We've often, when taking holidays in times past, stopped to watch a local shepherd tending his sheep in the Greek countryside. It's one of those serenely bucolic scenes that has one ruminating on how this means of living hasn't changed since time immemorial.
I'm sure you've done something similar. You're trying to find that exquisite beach that someone told you about, where you'll probably not be bothered by anyone's company for hours, while taking the occasional dip in crystal clear waters and, as you round a small hillock on your dusty way, there among the olive groves you see a flock of sheep, some with their bells dangling and jangling some without, casually combing their way across the landscape in their perpetual search for something lush on which to chomp. Somewhere nearby too you'll catch sight of the shepherd, occasionally quite a young lad perhaps, one hand working a long gnarled staff [a la Gandalf] as he strolls along, keeping a beady eye out for the welfare of his charges.
We get a lot of goats around us here and have come to learn over the years something which we didn't know before coming to Greece to live - the difference between a goat's "bleat" and a sheep's "baa". Yea, go on, have a chuckle at my expense if you like, but I couldn't have told you the difference when I lived in the UK. Now having learned the difference from experience, their "voices" seem to me to be the wrong way around. Goats always give me the impression that they're a bit tougher, more streetwise, and less easily led than sheep. After all, isn't that why we describe someone who is easily led as a 'sheep'? Yet the bleat of a goat is an octave or so higher than the deeper "baa" of a sheep. When we hear sheep now they often sound like a bunch of MP's in the House of Commons in London, heckling some Minister or other as he makes a speech with their "baa's" and waves of their order papers rendering his task all the more difficult.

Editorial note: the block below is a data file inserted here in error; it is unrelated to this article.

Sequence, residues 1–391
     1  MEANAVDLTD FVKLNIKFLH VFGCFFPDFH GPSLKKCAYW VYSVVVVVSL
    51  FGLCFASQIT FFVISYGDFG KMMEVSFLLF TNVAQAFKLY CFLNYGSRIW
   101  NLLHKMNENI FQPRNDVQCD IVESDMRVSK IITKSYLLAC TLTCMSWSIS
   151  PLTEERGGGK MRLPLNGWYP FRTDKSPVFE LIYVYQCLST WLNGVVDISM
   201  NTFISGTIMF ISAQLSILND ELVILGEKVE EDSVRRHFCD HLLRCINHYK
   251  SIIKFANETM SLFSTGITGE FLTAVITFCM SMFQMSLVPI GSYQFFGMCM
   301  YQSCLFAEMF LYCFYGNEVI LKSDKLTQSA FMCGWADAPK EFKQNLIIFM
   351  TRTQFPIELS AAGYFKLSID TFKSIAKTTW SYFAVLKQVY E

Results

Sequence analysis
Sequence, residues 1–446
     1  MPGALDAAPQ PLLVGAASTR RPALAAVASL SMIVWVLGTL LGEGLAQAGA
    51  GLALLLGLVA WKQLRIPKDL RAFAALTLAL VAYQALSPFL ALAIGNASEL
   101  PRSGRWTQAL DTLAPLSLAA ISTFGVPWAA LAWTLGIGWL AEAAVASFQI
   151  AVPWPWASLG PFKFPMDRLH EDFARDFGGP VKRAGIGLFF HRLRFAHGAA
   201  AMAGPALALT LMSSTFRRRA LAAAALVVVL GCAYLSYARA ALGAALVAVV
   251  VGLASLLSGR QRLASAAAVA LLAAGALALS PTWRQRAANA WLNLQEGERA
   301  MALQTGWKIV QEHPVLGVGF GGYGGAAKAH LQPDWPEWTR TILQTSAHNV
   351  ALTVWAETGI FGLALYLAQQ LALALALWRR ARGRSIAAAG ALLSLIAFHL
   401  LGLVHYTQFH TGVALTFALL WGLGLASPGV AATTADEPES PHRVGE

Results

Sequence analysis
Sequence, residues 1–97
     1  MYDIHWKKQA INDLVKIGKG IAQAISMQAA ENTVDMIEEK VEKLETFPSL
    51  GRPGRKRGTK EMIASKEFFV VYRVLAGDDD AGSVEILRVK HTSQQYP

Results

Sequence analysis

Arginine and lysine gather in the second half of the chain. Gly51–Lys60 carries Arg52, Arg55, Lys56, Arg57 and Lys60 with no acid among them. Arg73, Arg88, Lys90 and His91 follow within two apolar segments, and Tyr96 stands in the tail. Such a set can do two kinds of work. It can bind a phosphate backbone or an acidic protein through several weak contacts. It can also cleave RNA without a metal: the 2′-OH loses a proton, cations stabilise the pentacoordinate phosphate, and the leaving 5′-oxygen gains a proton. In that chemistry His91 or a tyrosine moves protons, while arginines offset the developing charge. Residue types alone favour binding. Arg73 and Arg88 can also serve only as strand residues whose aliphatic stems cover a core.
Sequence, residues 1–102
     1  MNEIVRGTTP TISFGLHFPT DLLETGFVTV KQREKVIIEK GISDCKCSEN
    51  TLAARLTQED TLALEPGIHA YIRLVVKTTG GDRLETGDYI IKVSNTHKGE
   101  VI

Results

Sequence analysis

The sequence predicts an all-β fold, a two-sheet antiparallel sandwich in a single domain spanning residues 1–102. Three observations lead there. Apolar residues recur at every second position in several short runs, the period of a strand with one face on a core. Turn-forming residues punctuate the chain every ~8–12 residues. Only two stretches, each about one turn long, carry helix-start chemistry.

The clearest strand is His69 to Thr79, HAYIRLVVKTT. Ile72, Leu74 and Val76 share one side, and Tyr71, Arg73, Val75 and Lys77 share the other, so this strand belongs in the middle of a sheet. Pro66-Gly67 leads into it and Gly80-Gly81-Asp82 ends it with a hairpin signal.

Now goats, when they bleat, well they sound like nothing else. I can't compare it to anything except more goats.
Anyway, this particular rambling concerns sheep. Usually during the high summer we don't see a sheep for love nor money. I dunno where they go or are kept, but it ain't near here. The goats, on the other hand, are usually everywhere come August when, as I've often said before, they'll hang around the perimeter of our garden making it very clear that they'd love to drop in for a snack.
Now that "winter" has arrived and the rains have finally begun the goats are scarce once more and the local shepherds are once again herding their sheep up along our valley. Even as I type there's a substantial flock a few hundred metres down the slope from the garden and they're all chewing merrily on the new as-yet-modestly-sized green shoots which are breaking through the once rock-hard ground as a result of the rains. The day before yesterday, in fact, we had to go out for a while and so set off down the lane in the car at around 10.00am. Rounding the bend near the old pig pen a few hundred metres further down from the gate we encountered a lane full of sheep, much as one would in rural Ireland, Wales or I suppose the rest of the British Isles.